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Design by Viviana Quevedo; Photography by Luda311/Getty Images

The beauty game is constantly evolving, transforming, and getting more hi-tech by the day.

We’re seeing tools to tone, tighten, dig deep into pores, and achieve younger-looking, glowing skin. These products now include the likes of light wavelengths, sonic frequencies, and microcurrent technology.

With an increasing amount of gadgets available to buy and use at home, how do you know which ones work and which are bunk?

These hi-tech tools often come with hefty price tags, so it pays to figure out whether they’re worth the investment.

That’s where research and expert opinions come in.

Dermarolling is a form of microneedling where a handheld device rolls multiple tiny needles across the face, gently penetrating it.

By puncturing the skin, the treatment induces the body’s wound healing response and regeneration of the dermis. This stimulates collagen and elastin fiber production.

This is said to treat acne scarring, reduce fine lines, even out skin tone, and give an overall glow.

Needles range from 0.2 millimeters (mm) to 1.5 mm and have varied results, depending on their length. Smaller needles target wrinkles, enlarged pores, and skin discoloration, while larger needles focus on issues such as deep acne and surgical scars.

What the experts say

Dr. Joseph Zahn, assistant professor of dermatology at George Washington School of Medicine and Health Sciences says they may just do the job.

“For acne scars, dermarollers appear to be quite effective, with the vast majority of patients noting clinically significant improvement in the appearance and texture of scars with relatively few treatments,” says Zahn.

He also notes that dermarollers are thought to increase collagen production in the skin, which means they may work well for fine lines and wrinkles.

“As for skin tone, several case studies have noted that dermarollers may enhance the effects of other treatments, leading to improved outcomes in hyperpigmentation or melasma,” says Zahn.

Various studies have been done on skin needling, with research showing that 2 to 3 sessions with a 1.5 mm needle could greatly improve acne scarring.

One study that involved participants receiving 3 needling sessions at 2-week intervals found permanent improvement in the overall scar appearance of the skin after 6 months.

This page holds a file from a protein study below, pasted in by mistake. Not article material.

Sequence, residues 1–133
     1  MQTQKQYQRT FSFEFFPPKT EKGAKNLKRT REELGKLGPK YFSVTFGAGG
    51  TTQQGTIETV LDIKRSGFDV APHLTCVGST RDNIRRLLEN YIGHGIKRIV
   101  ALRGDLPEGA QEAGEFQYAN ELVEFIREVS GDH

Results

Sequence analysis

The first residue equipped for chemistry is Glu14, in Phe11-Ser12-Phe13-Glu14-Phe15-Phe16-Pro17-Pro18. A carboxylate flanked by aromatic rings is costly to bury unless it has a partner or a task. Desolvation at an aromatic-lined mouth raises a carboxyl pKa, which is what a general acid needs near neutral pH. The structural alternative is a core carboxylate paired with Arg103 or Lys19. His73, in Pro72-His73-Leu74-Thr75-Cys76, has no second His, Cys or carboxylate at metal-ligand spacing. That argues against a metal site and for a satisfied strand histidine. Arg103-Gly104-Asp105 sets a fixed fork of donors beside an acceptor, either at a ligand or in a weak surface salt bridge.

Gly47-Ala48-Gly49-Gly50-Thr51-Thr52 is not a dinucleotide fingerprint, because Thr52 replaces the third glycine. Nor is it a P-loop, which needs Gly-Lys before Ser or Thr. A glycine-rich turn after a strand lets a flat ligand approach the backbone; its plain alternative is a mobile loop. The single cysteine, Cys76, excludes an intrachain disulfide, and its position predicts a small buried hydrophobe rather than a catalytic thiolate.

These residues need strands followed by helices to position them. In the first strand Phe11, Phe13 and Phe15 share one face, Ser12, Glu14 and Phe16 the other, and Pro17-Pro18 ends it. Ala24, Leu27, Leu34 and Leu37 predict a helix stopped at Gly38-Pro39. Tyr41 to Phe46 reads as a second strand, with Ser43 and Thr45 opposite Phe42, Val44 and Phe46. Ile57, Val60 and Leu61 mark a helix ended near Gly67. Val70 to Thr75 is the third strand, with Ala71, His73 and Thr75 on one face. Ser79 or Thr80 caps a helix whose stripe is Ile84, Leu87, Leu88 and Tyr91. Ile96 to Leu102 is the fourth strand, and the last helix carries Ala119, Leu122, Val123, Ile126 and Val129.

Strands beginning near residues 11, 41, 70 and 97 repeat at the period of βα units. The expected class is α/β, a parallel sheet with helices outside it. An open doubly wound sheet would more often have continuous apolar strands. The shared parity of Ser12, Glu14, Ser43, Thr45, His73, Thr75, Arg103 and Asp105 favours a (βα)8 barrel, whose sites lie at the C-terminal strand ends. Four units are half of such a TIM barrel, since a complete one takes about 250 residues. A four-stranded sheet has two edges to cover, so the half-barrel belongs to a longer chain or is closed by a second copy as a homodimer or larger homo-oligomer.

Another study found that microneedling has been a successful treatment of periorbital hyperpigmentation, or dark circles.

It also noted that microneedling is a cost-effective and minimally invasive treatment for multiple cosmetic and dermatology conditions.

However, more studies are needed to determine the frequency, interval, and specific device settings to foster optimal results. It’s also important to stick to the instructions of the device to avoid risk.

“Most users of a dermaroller will notice mild pain, redness, and swelling of the skin, which typically resolves within 24 hours. Otherwise, these devices are generally well-tolerated with minimal risks,” says Zahn. “As always, consult with your board certified dermatologist before adding a new device to your routine.”

The verdict

Dermarollers may be effective in reducing acne scarring, as well as reducing fine lines and wrinkles and giving an overall improved appearance to the skin.

The procedure involves minimal risk. However, users need to follow the instructions, including aftercare, carefully.

LED face masks are full face masks that omit varying light wavelengths — from around 400–700 nanometers on the electromagnetic spectrum — onto the skin.

At the lower end of the spectrum, at around 400 nanometers, blue light targets and kills bacteria, helping to treat acne.

At the other end, red rays — around 700 nanometers — increase blood circulation and boost collagen by penetrating deeper into the skin. This is said to help reduce the appearance of fine lines and wrinkles, and help with inflammation.

What the experts say

Blue LED masks are effective at killing bacteria on the skin.

“The bacteria that causes acne is very susceptible to the blue light spectrum,” says Dr. Mara Weinstein Velez, assistant professor of dermatology at the University of Rochester Medical Center, director of cosmetics and lasers.

“Blue light has antibacterial effects and anti-inflammatory effects which can help reduce redness and prevent future breakouts,” she says.

Blue light can also help treat inflammatory conditions.

“Light therapy (both red and blue light) is a treatment used to treat inflammatory conditions like eczema and psoriasis but more commonly, actinic keratosis, which are precancerous growths. This process for treating actinic keratoses is called photodynamic therapy,” says Weinstein Velez.

Red LED masks can help to brighten the skin by reaching the dermis, the deepest layer of skin, and stimulating collagen and elastin fibers.

“It also helps promote wound healing and tissue repair through increasing the rate of cellular regeneration, and can be used after procedures in the office,” says Weinstein Velez.

She also explains that red LED masks may stimulate the production of serotonin as a result of the exposure to light, resulting in a boost in mood.

There has also been research into the effectiveness of light treatment for acne. Overall, they give evidence to the treatment of light-based therapies for acne when a blue and blue-red light is used.

In one study, patients showed acne reduction after 8 treatments over a 4-week period with an at-home light treatment device. It also concluded there were no adverse effects to the treatment.

An older study concluded that a blue LED light source is an effective method for reducing inflamed lesions and treating mild to moderate facial acne.

Weinstein Velez says it’s important to consult your board certified dermatologist before using a LED mask, as each person is different.

“When looking at specifics, look for safety features like auto shut-offs, heat regulators, and timers,” she says.

The verdict

LED face masks may be an effective treatment of acne and in reducing fine lines and wrinkles.

Face steamers are home devices that propel steam for a set time onto your skin and head.